The third archetype identified by Jung is ‘the shadow’. This is defined as the unconscious part of ego. The shadow, Jung describes it to be part of our being, that for one reason or the other, we do not want to associate ourselves with and wish that it remains out of sight. The fourth archetype that Jung describes is the anima. This is the collection of unconscious belief and feeling towards the other gender. Such unconsciously held feelings can be brought to the fold under appropriate circumstances.
The final archetype that Jung uses in individuation is ‘the self’. He defines the self as the totality of entire mind. It is the resultant collections of the feelings and beliefs held either consciously or unconsciously.
Jung also appreciated the impact of sexuality on the development of the individual. He asserts that matters such a dreams and fantasies played a major role in individuation. The result of the individuation was a psychological move towards integration, self awareness and wholeness.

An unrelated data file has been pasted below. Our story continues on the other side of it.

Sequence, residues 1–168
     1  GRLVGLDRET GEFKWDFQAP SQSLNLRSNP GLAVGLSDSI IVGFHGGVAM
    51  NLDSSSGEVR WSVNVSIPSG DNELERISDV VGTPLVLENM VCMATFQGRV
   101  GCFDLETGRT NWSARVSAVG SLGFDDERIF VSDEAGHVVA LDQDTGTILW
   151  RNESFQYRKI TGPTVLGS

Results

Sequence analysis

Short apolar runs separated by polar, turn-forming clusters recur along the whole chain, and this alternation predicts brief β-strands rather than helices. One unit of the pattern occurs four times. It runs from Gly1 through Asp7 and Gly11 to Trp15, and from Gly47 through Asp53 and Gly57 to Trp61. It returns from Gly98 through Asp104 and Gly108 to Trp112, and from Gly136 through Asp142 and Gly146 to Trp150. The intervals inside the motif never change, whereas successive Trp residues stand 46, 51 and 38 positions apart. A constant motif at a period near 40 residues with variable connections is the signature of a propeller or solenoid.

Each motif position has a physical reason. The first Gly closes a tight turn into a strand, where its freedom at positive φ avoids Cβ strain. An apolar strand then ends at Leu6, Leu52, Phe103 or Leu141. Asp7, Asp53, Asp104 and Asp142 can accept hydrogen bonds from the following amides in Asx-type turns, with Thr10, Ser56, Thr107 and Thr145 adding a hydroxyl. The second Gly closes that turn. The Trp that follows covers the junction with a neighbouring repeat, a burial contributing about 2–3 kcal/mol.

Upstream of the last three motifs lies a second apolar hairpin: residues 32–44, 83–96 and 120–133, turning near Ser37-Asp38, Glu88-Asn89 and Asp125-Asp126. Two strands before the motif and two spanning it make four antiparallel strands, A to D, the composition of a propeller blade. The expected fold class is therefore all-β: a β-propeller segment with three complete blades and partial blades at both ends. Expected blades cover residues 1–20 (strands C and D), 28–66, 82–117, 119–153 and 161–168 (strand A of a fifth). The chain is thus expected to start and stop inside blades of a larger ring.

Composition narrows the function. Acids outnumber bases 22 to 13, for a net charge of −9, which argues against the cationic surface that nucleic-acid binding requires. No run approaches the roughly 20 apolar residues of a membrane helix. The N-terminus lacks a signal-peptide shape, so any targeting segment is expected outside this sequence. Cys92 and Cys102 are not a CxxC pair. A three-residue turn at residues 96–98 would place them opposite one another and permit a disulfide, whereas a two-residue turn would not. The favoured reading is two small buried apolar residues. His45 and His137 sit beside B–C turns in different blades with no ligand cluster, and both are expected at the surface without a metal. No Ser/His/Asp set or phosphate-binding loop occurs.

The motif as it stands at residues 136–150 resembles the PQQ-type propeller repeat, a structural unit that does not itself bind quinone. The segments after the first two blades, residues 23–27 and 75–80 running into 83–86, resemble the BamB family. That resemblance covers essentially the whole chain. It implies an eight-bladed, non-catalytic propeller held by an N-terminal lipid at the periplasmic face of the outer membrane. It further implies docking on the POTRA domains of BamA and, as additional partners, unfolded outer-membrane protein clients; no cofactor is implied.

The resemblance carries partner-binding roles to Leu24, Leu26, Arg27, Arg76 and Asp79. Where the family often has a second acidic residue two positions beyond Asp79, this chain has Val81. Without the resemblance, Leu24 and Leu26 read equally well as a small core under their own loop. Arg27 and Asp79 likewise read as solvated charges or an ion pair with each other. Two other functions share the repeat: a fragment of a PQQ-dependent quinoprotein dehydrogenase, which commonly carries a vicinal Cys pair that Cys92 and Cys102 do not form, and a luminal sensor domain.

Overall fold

Introverts and Extroverts
Jung is accredited as being the father of the two concepts of introversion and extroversion. In his writings, Jung concluded there were two fundamental kinds of personality. The introverts were persons who exhibited predominant concern about their mental lives. These kinds of individual tend to be quiet, non-engaged and comparably low key in their affairs. They take so much delight in solitary activities such as inventing, writing, watching movies and much reading. Thus they are not enthusiastic about group activity or thought for actions as a group
Conversely, extrovert is a personality that acts or behaves in a manner that seeks satisfaction from external persons other than self. The take much delight in social interaction and are talkative, enthusiastic and expressive. Introverts obtain much pleasure form activities such as activities such as public demonstration, community activity and political groupings.
Jung asserts that the flow of energy in the mind of the person will determine whether that person will be introverted or extroverted. If the person psychic energy flows outwards, then such a person will exhibit extrovert tendencies and the opposite also applies.